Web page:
Weapons of war.
Leonardo's life’s work was a search for the meaning of creation itself and his many varied studies are a testament to his inquiring mind. His work on war machines seems to contradict his respect for the natural world.
However, Leonardo was aware of the dangers presented by science and the impact that the exploitation of natural resources may have on the earth.
He was a man of his time and the need for military engineers provided him with employment, travel opportunities, and the chance to continue his scientific work unhindered.
Renaissance Italy was a collection of independent city-states who became engaged in incessant warfare with each other. This provided a market for the technically advanced weapons needed to gain a military advantage over the enemy.
In short:- a Renaissance arms war!
Leonardo had studied and absorbed both classical and contemporary works on military engineering. In his famous letter to Ludovico il Moro Sforza, Duke of Milan, he listed nine categories of military engineering among the many skills that he was proficient in.
His items included; new weaponry, bridging, bombarding machines and trench draining.
Da Vinci's design for an armoured vehicle made from wood and operated by eight men was made in 1487. The 'tank' was operated by turning the cranks.
Da Vinci's scythed chariot was perhaps a throwback inspired by antique machines. Leonardo suggested raising the scythes when travelling through the ranks of men so that no one on your side will be injured!
Leonardo's machine gun, which was designed to fire crossbow bolts, highlights his fascination in the production of rapid-fire weaponry.
Firearms in renaissance times were inaccurate and suffered from a slow rate of fire. Leonardo, in his design for a multi-barrelled cannon of 1481, sought to overcome the slow rate of fire.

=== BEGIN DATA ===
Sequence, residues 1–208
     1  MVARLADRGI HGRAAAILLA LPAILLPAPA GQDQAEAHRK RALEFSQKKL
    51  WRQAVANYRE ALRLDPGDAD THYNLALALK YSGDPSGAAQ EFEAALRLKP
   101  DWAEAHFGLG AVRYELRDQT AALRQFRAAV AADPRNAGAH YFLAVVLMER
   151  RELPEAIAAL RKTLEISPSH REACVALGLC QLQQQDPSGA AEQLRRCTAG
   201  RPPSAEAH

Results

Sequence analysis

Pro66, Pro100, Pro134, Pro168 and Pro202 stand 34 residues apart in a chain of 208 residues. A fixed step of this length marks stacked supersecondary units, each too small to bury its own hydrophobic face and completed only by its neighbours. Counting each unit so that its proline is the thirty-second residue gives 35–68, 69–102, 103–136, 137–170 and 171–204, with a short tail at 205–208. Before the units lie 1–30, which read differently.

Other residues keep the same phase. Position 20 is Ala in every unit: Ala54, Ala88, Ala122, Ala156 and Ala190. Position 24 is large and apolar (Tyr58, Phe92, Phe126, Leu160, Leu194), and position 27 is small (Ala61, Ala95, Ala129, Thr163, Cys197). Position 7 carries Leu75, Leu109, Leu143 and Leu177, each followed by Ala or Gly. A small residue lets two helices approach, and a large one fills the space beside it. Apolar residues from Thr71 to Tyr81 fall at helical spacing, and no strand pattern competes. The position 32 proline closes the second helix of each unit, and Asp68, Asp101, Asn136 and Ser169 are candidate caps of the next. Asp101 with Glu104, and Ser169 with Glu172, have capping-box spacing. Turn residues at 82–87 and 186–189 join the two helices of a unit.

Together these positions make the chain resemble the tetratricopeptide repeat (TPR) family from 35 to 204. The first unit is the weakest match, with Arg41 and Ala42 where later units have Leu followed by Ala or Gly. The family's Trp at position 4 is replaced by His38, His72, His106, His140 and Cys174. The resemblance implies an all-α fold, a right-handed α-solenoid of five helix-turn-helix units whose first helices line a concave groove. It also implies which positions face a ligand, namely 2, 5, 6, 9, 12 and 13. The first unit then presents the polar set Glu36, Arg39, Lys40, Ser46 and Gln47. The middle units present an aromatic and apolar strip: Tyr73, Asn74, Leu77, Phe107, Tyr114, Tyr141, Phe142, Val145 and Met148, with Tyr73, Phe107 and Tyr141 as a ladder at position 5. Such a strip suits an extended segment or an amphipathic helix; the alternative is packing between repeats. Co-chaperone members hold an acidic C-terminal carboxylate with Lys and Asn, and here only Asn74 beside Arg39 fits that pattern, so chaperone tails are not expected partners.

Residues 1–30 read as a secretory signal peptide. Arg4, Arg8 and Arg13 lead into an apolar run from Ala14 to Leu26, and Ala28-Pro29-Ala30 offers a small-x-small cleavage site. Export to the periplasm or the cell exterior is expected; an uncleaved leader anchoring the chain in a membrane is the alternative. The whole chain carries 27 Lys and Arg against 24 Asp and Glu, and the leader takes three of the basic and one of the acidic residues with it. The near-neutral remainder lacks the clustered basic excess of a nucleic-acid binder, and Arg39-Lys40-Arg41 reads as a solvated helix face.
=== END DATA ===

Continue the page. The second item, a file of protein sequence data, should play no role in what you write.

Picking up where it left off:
The three racks of barrels allowed the re-loading of one rack while another was being fired and could maintain continuous firepower. The 'fan type' gun with its array of horizontal barrels allowed for a wide scattering of shot.
These breech loading, water-cooled guns were years ahead of their time and it's interesting to note that steam cannons were used in World War II.
The design for mortars with exploding shells was intended to gain an advantage over the enemy by producing large amounts of small fast-moving shot which would cause maximum casualties.
Leonardo designed a huge crossbow,(his ballista), and it was truly huge (86 feet long). The weapon boasted a worm and gear mechanism to draw the bowstring and was mounted on canted wheels providing a stable base on the rough ground.
Two alternate firing mechanisms allowed the bow to release by a hammer blow or by lever action.
He also made drawings for a repeating 'machine gun’ operated by a man-powered treadmill. Treading on the outside of the wheel instead of the inside gave greater leverage to the operator.
The catapults and repeating large crossbows were intended as cheaper alternatives to more expensive firearms. Leonardo came to realise that these catapult designs were being overtaken by the more efficient guns and cannon.
He then concentrated his efforts on his multi-barrelled cannon and mortars.
Leonardo’s fascination with the mechanics of flight did not only extend to his many studies of birds, their wings and propulsion, he also realised the importance that manned flight could have on warfare.
His many concept studies for flying machines are a testament to his inquiring mind and he produced designs that were years ahead of their time. Imagining bombs and arrows raining down on enemy positions were notions that only became a reality centuries later in the first and second world wars of the twentieth century.
Leonardo had also considered the possibility of an enemy using flying machines in battles, and designed weapons that would shoot them down!